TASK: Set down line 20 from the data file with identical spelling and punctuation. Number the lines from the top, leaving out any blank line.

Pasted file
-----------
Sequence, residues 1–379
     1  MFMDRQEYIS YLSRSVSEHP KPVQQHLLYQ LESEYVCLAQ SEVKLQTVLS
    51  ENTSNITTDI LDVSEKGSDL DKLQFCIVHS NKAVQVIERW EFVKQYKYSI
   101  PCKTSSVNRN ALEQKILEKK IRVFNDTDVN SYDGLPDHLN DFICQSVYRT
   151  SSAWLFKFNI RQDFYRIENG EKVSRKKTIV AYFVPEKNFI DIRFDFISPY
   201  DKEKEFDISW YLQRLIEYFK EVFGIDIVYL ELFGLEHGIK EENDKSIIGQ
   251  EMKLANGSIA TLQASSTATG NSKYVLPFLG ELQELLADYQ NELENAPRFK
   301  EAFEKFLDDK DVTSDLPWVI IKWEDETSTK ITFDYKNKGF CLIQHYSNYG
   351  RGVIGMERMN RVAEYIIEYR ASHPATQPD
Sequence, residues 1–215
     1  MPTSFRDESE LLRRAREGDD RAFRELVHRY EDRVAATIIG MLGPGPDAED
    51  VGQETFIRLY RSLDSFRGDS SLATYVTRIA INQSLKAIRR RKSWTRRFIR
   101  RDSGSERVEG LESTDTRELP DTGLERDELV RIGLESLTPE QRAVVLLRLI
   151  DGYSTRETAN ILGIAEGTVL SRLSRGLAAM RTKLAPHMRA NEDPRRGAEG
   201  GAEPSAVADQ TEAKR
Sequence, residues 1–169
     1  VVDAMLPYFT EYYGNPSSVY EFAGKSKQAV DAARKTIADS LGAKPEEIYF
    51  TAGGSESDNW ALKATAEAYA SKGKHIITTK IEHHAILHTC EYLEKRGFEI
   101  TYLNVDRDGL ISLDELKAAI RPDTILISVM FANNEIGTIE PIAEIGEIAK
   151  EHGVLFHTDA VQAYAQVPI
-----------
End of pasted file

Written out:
   151  EHGVLFHTDA VQAYAQVPI